Rental vacancy rate is starting 2020 at a near record low
Photo: James Bombales
New year, no vacancy. Renters in cities across Ontario will spend another year struggling to find rental housing as prices continue to rise in the face of tight market conditions.
In 2019, the vacancy rate was 1.6 percent and it will likely drop further through 2020 to a near record low of 1.5 percent, according to Central 1 Credit Union economist Edgard Navarrete. For context, the vacancy rate for Ontario’s rental market averaged 2.6 percent between 1991 and 2018.
In his 2019-2022 housing forecast published at the end of 2019, Navarrete noted that the province has seen a substantial uptick in completed new rental units over the last three years. Through the same 1991 to 2018 period, the average number of new rental units added to the market was 1,500. From 2017 to 2019, the average increased to 7,000 units.
The trouble is that increase still doesn’t satisfy the demand for rentals in some of the province’s most competitive markets, especially Toronto, which is said to have the worst rental supply deficit in Canada.
“Government investments in rental housing will continue to add to the rental universe but expect [the province’s] rental vacancy rate to remain stubbornly lower than the long-term average due to continued strong demand from immigrants settling in Ontario and existing renters opting to remain in rental longer until they have a sufficient down payment to qualify for a mortgage loan,” wrote Navarrete in the Central 1 Housing Forecast.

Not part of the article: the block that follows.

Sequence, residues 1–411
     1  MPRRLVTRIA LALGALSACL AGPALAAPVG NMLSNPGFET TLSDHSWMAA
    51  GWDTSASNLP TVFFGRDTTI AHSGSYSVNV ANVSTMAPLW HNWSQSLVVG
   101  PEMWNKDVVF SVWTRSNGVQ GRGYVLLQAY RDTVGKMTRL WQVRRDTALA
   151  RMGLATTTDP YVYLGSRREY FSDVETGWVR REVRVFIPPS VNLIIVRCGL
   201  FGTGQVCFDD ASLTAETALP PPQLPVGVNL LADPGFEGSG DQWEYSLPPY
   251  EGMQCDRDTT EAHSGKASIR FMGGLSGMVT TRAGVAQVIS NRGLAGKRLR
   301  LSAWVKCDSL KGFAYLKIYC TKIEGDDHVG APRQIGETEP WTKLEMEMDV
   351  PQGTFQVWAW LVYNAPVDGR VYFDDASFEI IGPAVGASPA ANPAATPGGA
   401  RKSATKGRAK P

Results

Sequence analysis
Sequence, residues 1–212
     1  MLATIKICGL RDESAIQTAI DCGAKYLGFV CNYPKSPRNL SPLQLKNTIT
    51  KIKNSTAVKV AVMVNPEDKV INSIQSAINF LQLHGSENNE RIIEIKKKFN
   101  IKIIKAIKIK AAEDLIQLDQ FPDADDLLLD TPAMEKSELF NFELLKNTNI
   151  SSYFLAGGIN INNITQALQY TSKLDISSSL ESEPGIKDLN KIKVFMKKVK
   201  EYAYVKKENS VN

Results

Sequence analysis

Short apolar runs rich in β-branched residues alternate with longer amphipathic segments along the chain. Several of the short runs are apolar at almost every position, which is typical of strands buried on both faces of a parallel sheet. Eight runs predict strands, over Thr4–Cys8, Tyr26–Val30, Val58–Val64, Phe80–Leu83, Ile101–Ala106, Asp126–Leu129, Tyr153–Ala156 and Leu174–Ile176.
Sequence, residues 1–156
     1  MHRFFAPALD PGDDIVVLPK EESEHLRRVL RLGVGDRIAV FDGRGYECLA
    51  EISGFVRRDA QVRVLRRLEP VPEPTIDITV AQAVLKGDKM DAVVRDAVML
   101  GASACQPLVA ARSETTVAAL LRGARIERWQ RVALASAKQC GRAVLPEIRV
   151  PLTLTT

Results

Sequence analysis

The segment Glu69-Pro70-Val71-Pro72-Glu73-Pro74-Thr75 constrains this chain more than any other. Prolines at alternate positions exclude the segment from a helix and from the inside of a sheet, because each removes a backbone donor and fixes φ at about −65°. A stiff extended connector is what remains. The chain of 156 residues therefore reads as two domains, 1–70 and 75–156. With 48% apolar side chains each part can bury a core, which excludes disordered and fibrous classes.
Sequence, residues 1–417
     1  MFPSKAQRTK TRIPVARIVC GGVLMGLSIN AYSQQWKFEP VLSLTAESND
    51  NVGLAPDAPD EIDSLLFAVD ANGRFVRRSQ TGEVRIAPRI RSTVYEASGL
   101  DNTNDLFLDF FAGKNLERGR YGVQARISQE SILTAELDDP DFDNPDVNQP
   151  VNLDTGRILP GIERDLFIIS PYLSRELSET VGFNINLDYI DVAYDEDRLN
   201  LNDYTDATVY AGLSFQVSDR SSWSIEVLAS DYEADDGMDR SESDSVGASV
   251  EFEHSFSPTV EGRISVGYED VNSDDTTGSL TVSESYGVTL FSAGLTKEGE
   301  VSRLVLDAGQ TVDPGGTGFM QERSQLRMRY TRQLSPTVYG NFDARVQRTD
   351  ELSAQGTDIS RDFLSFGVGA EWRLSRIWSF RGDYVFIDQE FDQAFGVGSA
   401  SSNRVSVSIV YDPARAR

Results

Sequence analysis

Unfortunately, the main takeaway here for Ontario renters is monthly rents will continue to climb above inflation as long as this sharp disparity exists between rental supply and persistent demand. Navarrete singles out Toronto, Ottawa-Gatineau, London, Kitchener-Cambridge-Waterloo and Hamilton as markets where rental prices will log especially steep increases and bidding wars will keep intensifying. These cities will feel the strain on their rental markets particularly acutely because they are set to absorb the most new residents to the province.
There is hope for a rental unit supply uptick in the next few years, but for those looking for a new rental this year, it’s unlikely to offer much relief. The provincial government under Premier Doug Ford rolled back the rent control measures introduced by the Wynne Liberal government just a couple years earlier. With more flexibility to price rental units in response to market demand, investors are more likely to see condos as a solid long-term moneymaker and purchase units to add to the rental market.
These investor-owned condos are known as the “secondary rental market” since they are not built for the sole purpose of being added to the rental pool. Purpose-built rental units are known as the primary rental market.
The caveat is that the positive market changes this policy shift from the Ford government intended to inspire won’t be felt for at least a few years.
“If we see a large number of investors entering the market today, with the average completion time of high-density housing such as condo apartments anywhere from two to three years from the time shovels hit the ground, it wouldn’t be until after 2022 when the increased rental market supply will alleviate some of the pressures from the primary rental market,” wrote Navarrete.